Some school and university programs still present students with a biased image of the last Russian Emperor Nicholas II and his life, in the spirit of "ideological clichés" of the Soviet era, and it would be appropriate to eliminate these distortions. This opinion was expressed Wednesday at a roundtable discussion of the XXX International Educational Readings Head of the Administrative Secretariat of the Moscow Patriarchate, Rector of the Elokhovsky Cathedral, Bishop Thomas (Mosolov) of Odintsovo and Krasnogorsk.
"More than a century has passed since the martyrdom of the emperor and his family - a period quite sufficient to eliminate misunderstandings and ideological cliches. But, unfortunately, some school and high school textbooks still describe the emperor as a weak ruler, or as crafty and crooked, guilty of the tragedy on Khodynka Field in Moscow and the events of January 9, 1905 (known as "Bloody Sunday" - note TASS) in St. Petersburg. The tsar's innocence has been repeatedly proven in historical works, which saw the light of day after 1990," Bishop Thomas said.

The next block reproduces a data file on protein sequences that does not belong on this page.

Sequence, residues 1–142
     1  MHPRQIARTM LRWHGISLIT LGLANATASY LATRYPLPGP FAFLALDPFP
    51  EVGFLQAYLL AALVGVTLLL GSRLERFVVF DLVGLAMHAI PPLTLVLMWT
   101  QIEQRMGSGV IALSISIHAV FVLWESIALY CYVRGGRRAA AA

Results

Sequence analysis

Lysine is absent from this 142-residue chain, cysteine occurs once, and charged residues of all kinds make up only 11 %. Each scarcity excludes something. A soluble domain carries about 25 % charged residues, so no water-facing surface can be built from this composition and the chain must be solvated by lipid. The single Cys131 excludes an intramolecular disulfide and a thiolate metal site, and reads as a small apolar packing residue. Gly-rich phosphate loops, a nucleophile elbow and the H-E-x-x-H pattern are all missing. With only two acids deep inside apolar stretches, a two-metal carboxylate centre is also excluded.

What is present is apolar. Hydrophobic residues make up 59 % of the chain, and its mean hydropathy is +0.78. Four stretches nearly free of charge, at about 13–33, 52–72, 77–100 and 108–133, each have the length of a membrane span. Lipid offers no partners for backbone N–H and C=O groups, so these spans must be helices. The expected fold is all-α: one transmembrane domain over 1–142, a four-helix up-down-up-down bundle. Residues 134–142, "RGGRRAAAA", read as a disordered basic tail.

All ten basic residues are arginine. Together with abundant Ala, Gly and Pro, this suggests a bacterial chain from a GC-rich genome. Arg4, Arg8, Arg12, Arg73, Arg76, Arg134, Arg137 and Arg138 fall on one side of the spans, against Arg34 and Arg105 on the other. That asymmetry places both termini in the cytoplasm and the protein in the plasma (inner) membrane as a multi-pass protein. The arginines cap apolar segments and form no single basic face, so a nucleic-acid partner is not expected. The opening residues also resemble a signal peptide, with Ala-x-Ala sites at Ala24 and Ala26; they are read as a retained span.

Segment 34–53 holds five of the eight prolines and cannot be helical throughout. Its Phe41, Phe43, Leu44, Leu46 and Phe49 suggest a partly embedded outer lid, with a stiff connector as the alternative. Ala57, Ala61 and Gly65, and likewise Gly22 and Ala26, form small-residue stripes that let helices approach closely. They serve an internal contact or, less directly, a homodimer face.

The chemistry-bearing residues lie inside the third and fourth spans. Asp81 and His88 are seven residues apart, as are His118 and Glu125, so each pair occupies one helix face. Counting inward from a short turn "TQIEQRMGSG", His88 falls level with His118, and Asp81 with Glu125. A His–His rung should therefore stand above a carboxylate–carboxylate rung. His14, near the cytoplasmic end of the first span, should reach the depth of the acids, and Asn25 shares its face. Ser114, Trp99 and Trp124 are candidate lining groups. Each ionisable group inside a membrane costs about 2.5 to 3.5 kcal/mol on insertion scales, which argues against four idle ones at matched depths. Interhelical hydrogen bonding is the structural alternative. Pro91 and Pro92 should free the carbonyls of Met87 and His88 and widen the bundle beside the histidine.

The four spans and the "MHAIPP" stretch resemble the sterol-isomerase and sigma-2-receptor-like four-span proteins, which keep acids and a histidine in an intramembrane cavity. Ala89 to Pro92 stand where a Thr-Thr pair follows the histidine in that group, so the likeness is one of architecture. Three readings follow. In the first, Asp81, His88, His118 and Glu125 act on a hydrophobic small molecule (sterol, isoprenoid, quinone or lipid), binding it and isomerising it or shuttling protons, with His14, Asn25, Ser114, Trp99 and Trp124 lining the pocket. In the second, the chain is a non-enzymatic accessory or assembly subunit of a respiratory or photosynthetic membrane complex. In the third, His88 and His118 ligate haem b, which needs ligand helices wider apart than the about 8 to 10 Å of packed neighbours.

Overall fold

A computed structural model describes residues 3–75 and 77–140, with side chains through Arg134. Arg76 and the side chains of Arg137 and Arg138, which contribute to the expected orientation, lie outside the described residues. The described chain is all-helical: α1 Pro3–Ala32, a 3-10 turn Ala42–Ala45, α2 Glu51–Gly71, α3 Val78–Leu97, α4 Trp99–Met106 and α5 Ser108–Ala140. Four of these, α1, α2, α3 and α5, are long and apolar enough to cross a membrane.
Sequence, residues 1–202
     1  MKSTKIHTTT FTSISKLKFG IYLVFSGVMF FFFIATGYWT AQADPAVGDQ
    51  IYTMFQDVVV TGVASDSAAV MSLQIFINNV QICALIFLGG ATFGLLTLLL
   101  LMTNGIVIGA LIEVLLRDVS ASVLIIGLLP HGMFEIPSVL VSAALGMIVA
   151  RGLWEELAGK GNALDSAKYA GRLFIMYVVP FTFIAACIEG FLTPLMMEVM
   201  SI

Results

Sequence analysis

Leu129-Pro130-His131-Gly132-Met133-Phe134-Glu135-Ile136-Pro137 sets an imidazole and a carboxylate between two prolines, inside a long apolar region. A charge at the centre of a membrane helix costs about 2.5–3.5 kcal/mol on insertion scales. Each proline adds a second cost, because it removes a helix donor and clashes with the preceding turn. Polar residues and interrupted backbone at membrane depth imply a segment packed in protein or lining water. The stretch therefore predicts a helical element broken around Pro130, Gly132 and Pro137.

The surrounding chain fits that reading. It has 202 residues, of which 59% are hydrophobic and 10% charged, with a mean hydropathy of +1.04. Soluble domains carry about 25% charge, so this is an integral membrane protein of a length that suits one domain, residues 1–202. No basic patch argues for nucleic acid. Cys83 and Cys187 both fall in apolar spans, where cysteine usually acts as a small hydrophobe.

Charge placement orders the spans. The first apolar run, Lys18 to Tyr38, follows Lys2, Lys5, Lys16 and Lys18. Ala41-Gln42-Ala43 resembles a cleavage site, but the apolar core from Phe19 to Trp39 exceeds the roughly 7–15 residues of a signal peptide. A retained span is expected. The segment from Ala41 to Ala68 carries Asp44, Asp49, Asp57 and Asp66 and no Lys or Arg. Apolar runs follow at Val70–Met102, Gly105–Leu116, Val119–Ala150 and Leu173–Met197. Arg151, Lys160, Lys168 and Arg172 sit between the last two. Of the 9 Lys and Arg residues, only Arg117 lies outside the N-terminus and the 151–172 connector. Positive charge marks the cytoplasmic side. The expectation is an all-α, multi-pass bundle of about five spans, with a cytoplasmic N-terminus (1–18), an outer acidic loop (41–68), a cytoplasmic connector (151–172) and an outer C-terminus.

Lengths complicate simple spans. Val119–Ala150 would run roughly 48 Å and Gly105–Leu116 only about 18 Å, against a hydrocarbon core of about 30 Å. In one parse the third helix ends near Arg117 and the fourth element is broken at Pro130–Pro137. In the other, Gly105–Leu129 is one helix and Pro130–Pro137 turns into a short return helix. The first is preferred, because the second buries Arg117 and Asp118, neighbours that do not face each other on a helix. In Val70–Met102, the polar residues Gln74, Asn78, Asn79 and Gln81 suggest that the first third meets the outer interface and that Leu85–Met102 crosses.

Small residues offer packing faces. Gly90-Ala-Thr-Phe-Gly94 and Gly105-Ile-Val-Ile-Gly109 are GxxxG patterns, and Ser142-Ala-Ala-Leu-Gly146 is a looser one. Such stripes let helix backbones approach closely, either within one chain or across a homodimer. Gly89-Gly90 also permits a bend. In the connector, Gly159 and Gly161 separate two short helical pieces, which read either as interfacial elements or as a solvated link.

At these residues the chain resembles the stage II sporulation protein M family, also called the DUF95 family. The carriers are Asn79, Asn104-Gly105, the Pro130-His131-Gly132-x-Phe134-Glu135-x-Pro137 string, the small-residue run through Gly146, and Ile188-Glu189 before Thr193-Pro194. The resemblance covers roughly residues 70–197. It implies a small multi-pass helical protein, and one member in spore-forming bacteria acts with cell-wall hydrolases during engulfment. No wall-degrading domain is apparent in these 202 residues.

Speaking as chairman at the roundtable "Problems and Solutions in the Issue of Disseminating the Historical Truth about Emperor Nicholas II and His Time," a representative of the Russian Orthodox Church drew attention to the fact that Bolsheviks and their successors during Soviet times "methodically humiliated the personality of the sovereign" and described the country during his rule exclusively "as backward and unpromising."
"Overcoming the historical falsification and ideological untruths of the times of the domination of state atheism is still an urgent task," says the representative of the Patriarchate.
In turn, the head of the Belarusian exarchate of the ROC in Moscow, Archbishop Dimitriy (Drozdov) of Vitebsk and Orsha recalled that the Russian Orthodox Church canonized Nicholas II as a martyr in 2000 not for his public services or ideal life, but for the martyrdom he suffered in a worthy manner at the end of his life.
"Most contemporary Russian historians agree that there were two different periods in the life of Nicholas II in terms of length and spiritual significance: the time of his reign and the time of his exile and imprisonment. The second period-the spiritual and physical suffering-is more important to the Church. It was after the consideration of this exploit of the royal family that the [church] commission, in full agreement and with the approval of the Holy Synod, found it possible to glorify, in the Synod of New Martyrs and Confessors of Russia, Emperor Nicholas II, Empress Alexandra, and their children," the Archbishop noted.
Source: tass.ru (Russian)
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